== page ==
Popular magazines collection
Fence sitters and peacemakers
Is Al Qaeda winning the online battle for hearts and minds? Jihadists promote their cause via YouTube, Twitter, Facebook, blogs, message boards, and, since 2010, a Web-based, English-language magazine called Inspire. In 2011, an American drone strike in Yemen killed Inspire’s editor, but a new one took over and the magazine continues to appear. Though articles tend toward the turgid, the graphics are sometimes eye catching, and chillingly so. One issue includes a full-page photo of a man in a dark suit riding an escalator; behind him, a would-be assassin draws his gun.
Garden ornaments for hire
For upper-crust Britons of the 18th century, the garden was an especial point of pride. Amid the greenery, some landscape designers placed faux ruins of medieval structures. Others went in for more elaborate ornamentation: life-size rustic hermitages, inhabited by live, rustic hermits. Gordon Campbell, a professor of Renaissance studies at the University of Leicester, chronicles the fad in The Hermit in the Garden (Oxford Univ. Press). A visitor strolling the grounds of Sir Richard Hill’s Hawkstone Park, near Shrewsbury, would come upon a “well-designed little cottage,” according to a 1784 account.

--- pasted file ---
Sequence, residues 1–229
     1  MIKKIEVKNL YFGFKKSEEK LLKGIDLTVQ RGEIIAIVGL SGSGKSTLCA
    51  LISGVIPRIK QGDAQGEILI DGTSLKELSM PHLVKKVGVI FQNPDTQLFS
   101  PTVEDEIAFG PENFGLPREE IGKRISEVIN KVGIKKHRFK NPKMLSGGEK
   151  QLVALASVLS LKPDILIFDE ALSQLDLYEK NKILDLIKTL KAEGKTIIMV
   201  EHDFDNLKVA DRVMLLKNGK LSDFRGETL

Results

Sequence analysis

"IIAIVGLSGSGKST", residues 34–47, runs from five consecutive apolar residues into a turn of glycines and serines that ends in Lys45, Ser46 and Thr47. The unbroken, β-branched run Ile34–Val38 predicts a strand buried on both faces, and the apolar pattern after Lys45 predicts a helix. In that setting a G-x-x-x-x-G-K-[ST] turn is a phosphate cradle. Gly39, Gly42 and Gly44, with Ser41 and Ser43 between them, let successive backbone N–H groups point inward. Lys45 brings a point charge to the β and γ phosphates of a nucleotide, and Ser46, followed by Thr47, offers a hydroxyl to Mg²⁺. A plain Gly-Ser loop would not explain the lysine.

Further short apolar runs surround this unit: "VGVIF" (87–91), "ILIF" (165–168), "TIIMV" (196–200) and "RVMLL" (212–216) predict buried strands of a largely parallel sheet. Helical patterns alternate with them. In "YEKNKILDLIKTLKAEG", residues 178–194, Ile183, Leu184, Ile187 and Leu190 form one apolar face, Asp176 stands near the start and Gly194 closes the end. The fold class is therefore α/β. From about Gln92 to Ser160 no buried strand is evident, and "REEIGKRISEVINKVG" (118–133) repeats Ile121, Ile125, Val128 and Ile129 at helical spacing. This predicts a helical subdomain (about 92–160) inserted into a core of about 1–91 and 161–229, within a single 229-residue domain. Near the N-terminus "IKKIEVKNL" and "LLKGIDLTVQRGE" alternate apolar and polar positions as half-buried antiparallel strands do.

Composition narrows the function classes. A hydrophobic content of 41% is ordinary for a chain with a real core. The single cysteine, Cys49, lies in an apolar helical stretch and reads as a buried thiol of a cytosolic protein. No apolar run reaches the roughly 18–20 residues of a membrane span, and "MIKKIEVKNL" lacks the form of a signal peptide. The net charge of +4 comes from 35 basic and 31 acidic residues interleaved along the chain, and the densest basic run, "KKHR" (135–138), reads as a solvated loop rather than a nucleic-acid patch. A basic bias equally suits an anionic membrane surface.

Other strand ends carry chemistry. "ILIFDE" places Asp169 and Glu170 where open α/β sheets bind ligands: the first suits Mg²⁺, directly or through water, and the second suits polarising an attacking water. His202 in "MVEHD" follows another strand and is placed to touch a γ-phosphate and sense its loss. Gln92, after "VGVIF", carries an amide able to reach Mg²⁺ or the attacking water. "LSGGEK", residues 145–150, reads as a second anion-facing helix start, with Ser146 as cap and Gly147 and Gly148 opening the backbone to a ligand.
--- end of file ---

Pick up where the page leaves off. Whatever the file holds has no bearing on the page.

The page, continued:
Born in 1810, the pioneering feminist Margaret Fuller broke one glass ceiling after another. In 1837, she was the first woman admitted to the circle of the New England Transcendentalists, which included Ralph Waldo Emerson and Henry David Thoreau. In 1840, she was the first woman to edit a highbrow American journal, The Dial. In 1843, she was the first woman granted permission to use the Harvard College library. And in 1844, she was the first woman to join the newsroom of The New-York Tribune.
There is a booming market for self-improvement guides among Americans eager to redeem themselves from the sins of sloth, gluttony, or general discontent. But what qualifies one person to tell another how best to live?
BY SARAH L. COURTEAU
Who drew up this blueprint? Women make up 70 percent of self-help gurus’ clientele — here’s hoping the happiness architects know what they’re doing.
SEVERAL YEARS AGO, I WAS LIVING in Washington with one of my brothers, who had come to stay with me while he pulled himself out of a rough patch.
THE SOURCE: “America’s Missing Moderates” by Morris P. Fiorina, in The American Interest, March/April 2013.
PITY THE STATE OF AMERICAN POLITICS. HALF the voters pull the country in one direction, and the other half stubbornly yank it the opposite way. Everybody seems to be screaming, not so much at each other as past each other. The United States is divided down the middle, the pundits say.
It isn’t. In terms of party affiliation, ideology, and even positions on particular hot-button issues, the American electorate has hardly changed at all in a generation.